Britain Adopts Gas Lighting

F. A. Winsor and William Murdock established coal gas as an inexpensive and convenient fuel for lighting streets, factories, and public buildings. Generated from coal, the gas was a boon to commercial and manufacturing interests but was also a heavy polluter, and its use led to deteriorating working conditions.

Summary of Event

As the eighteenth century drew to a close, artificial lighting lagged behind other technologies of the infant Industrial Revolution Industrial Revolution;and lighting[Lighting] . Wax candles and the best whale oil Whale oil lamps, used in profusion, provided excellent illumination but were prohibitively expensive. Tallow candles, used by all but the wealthy, required constant attention and were unsuitable for large spaces or outdoor use. Light was a luxury; for the most part, eighteenth century England was a relatively dark place, especially during the winter months. Lighting;gas
Great Britain;gas lighting
Winsor, Frederick Albert
Murdock, William
[kw]Britain Adopts Gas Lighting (1802)
[kw]Adopts Gas Lighting, Britain (1802)
[kw]Gas Lighting, Britain Adopts (1802)
[kw]Lighting, Britain Adopts Gas (1802)
Great Britain;gas lighting
Winsor, Frederick Albert
Murdock, William
[g]Great Britain;1802: Britain Adopts Gas Lighting[0110]
[c]Inventions;1802: Britain Adopts Gas Lighting[0110]
[c]Science and technology;1802: Britain Adopts Gas Lighting[0110]
[c]Business and labor;1802: Britain Adopts Gas Lighting[0110]
Lebon, Philippe

There are several competing claims for the discovery that flammable gases could be used for illumination, but the first person to demonstrate a prototype with commercial potential is usually considered to be William Murdock, an engineer employed by James Watt and Matthew Boulton in their steam engine manufactory in Birmingham, England. While setting up a satellite plant in Cornwall, Cornwall Murdock devised a method of collecting waste gas from coke production and burning it in cylindrical nozzles modeled on a contemporary whale-oil lamp. With Watt’s backing, he built a gas lighting system on a much larger scale at the company’s Soho works in Birmingham. After being used for festive illuminations celebrating the Peace of Amiens Amiens, Treaty of (1802) in 1802, his system was expanded to light the factory itself in 1804. Murdock also designed a gas-generating system and persuaded a large Textile industry;lighting in textile mill in Manchester to convert to gas lighting. In 1806, the first year of operation, savings in labor and materials cut lighting costs by 50 percent.

At about the same time, a German-born inventor and entrepreneur, Frederick Albert Winsor Winsor, Frederick Albert , began promoting gas lighting in London. London;gas lighting Winsor had seen French inventor Philippe Lebon Lebon, Philippe demonstrate his “thermolampe” to curious crowds in Paris in 1798, and he was impressed by its potential. Failing to find commercial backers on the Continent, he traveled to England, where he met with a better reception. With whale oil becoming scarce and expensive because of the resumption of war between France and England, substitutes looked more attractive. In 1804, Winsor obtained a patent for a gas generating apparatus and set up shop in fashionable Pall Mall. He conducted public lectures and demonstrations and distributed advertisements making extravagant claims.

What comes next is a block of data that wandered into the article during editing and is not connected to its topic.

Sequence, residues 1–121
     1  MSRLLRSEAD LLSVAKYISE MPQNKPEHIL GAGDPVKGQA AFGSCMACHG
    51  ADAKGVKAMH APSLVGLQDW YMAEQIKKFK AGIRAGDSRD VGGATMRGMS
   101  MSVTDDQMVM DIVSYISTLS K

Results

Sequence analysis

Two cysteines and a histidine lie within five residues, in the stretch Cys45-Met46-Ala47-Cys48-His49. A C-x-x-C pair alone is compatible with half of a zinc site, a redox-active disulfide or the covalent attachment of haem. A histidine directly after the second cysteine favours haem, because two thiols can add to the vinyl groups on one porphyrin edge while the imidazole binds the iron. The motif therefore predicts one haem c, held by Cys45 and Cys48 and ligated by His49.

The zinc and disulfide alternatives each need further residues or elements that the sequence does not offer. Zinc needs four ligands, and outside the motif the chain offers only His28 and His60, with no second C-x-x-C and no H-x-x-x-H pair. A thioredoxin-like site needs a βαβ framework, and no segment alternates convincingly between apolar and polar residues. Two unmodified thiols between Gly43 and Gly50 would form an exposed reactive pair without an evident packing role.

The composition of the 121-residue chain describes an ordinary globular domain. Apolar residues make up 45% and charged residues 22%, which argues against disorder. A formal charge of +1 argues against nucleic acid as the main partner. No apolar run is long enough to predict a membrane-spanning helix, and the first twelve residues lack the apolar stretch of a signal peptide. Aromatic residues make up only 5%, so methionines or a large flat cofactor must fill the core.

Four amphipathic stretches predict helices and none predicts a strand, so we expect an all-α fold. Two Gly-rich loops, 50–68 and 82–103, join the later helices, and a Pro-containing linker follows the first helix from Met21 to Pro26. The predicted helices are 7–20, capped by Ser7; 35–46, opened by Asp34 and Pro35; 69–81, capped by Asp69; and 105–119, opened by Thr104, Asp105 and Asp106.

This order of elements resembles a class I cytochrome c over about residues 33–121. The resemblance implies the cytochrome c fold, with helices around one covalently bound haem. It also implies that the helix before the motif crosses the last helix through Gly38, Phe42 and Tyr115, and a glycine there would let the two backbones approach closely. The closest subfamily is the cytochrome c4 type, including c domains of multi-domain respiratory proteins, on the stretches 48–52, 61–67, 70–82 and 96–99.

Winsor’s gaslights illuminated Carleton House, home of the Prince of Wales, for the king’s birthday in 1807. Shortly afterward he issued a prospectus for the New Patriotic Imperial and National Light and Heat Company, touting coal gas as the key to reviving a faltering economy, eliminating crime, and winning the war with Napoleon. Few people were willing to invest in so speculative a venture, so Winsor approached Parliament for a special charter. After three years of heated debate, against opposition from Watt and Murdoch, ridicule from luminaries such as inventor Sir Humphry Davy Davy, Sir Humphry , and the protests of the whaling industry, Parliament finally granted a charter for the more modest London Gas Light and Coke Company in 1810.

Winsor’s approach, which ultimately edged out Murdoch’s earlier claim, relied on centralized generation of gas and distribution through pipelines to numerous customers, rather than on the sale of generators to individual factories. Gas lighting expanded rapidly. Westminster Bridge, London London;gas lighting , was lit for New Year’s Day, 1813, and the main thoroughfares of Westminster soon followed. By 1815 there were twenty-six miles of gas pipeline in London. Other British metropolitan areas followed suit. Industrial Manchester established the first municipal gas generating system in 1819. Drury Lane Theatre Theater;lighting
Theater;English installed gas lighting in 1817 and St. Paul’s Cathedral installed it in 1822. In the United States, several cities had gas generating plants by 1820.

As a lighting source, gas was hardly the panacea Winsor envisioned. A mixture of hydrogen, methane and short-chain hydrocarbons, and carbon monoxide, coal gas is toxic and explosive. Explosives;coal gas There were numerous accidents in gas lighting’s early days. Inadequate pipes cobbled together from war surplus gun barrels and fixtures installed by untrained workers led to frequent leaks and explosions. Fluctuating pressure caused flames to go out, and asphyxiation from carbon monoxide poisoning followed.